The Forrest Avenue pier on Bayview Avenue is one of the few that Hurricane Katrina spared. Across the Coast all that's left are broken piers, boards and harbors where birds now replace the boats. So the $7 million that Secretary of State Eric Clark handed over to the Department of Marine Resources Tuesday will go a long way.
"Quality of life is what makes people want to come to the coast and it will again. Obviously, the coast is going to rebuild. And so I am proud the tidelands fund will be there to help the coast rebuild," says Clark.
Clark says the legislature deserves a lot of credit for ensuring the tidelands money remains intact, even while allowing casinos to move ashore.
"Had they not done that, then the tidelands fund would have been pretty well killed and our ability to help the coast rebuild with the tidelands fund would have been pretty well killed."
Senator Billy Hewes of Gulfport says the extra time lawmakers took to pass the on-shore gaming bill was worth the extra work since it secured tidelands dollars.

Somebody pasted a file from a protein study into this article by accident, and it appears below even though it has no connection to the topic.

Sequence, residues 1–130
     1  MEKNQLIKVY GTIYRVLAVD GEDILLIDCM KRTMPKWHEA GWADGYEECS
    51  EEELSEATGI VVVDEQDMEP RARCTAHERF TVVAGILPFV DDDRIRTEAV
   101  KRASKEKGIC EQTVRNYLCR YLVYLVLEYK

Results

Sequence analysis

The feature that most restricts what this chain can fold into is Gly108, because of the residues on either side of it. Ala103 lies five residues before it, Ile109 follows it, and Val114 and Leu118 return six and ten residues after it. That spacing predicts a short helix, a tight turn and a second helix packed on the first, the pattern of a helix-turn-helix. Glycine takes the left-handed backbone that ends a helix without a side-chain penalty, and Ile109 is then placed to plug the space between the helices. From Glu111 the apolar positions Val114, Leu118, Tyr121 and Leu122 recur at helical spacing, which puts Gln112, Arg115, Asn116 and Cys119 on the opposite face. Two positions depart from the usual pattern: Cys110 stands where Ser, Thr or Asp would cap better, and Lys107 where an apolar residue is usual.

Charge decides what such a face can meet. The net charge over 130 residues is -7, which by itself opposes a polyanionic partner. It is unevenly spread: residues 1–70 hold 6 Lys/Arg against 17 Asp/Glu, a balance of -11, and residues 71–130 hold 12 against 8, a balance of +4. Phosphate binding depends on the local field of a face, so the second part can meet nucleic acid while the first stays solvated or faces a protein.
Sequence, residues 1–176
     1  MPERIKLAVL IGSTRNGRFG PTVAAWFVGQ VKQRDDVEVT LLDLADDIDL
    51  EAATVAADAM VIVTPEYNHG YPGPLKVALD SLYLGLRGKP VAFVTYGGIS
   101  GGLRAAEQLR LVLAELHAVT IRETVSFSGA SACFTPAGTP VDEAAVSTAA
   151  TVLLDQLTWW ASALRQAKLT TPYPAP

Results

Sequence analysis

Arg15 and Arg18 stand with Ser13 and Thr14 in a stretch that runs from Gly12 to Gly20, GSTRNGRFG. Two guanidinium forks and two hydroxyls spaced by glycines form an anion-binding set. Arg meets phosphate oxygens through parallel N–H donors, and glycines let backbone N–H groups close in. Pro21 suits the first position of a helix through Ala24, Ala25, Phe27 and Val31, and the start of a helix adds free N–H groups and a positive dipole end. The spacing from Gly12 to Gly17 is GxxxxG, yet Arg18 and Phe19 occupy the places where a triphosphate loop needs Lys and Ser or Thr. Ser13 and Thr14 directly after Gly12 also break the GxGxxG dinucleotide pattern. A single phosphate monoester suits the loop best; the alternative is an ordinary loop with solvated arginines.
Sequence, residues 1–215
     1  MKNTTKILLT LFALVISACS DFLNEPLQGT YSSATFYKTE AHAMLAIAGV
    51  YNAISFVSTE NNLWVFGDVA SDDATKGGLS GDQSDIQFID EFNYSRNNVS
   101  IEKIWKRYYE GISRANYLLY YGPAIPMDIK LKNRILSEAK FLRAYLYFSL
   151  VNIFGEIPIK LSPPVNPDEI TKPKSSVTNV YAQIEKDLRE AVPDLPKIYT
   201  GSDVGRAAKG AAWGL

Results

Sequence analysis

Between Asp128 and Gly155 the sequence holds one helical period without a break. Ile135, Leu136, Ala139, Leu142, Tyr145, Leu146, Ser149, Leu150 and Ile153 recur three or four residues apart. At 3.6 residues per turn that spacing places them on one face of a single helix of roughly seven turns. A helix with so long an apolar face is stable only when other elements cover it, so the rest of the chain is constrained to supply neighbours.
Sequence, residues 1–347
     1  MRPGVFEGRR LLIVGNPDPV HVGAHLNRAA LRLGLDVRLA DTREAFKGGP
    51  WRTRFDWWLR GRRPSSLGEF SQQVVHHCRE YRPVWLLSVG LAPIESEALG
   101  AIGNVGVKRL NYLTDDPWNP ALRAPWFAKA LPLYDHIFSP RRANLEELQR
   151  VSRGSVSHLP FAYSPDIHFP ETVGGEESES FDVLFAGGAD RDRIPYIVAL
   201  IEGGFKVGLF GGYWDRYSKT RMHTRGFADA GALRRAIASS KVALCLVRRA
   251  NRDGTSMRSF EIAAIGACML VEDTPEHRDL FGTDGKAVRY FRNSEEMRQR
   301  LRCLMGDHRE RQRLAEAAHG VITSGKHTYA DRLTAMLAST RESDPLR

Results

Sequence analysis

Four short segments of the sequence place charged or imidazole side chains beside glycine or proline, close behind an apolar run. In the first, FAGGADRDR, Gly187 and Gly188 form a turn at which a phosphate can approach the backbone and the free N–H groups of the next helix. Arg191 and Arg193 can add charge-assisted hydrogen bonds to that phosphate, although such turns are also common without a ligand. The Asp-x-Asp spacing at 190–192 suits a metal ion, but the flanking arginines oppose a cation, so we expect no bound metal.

"I think the concern was the manner in which they were going to be paid and some folks said, 'Let's just go without it.' A lot of us said, 'No, we need to hold the line here.' The casinos see it as a cost of doing business. They see it also as a reinvestment into our communities locally, so it's a win, win for everybody," Hewes says.
Tidelands money is used exclusively in the three Coast counties and this latest donation will fund 34 projects.
DMR Director Dr. Bill Walker says, "If we're going to make coastal Mississippi a true destination area for visitors to come, there's got to be lots of things for them to do and access to the water is very, very important in all of that."
The state began collecting tidelands money in 1990. Since then $58 million have been spent on marine improvements along the Coast.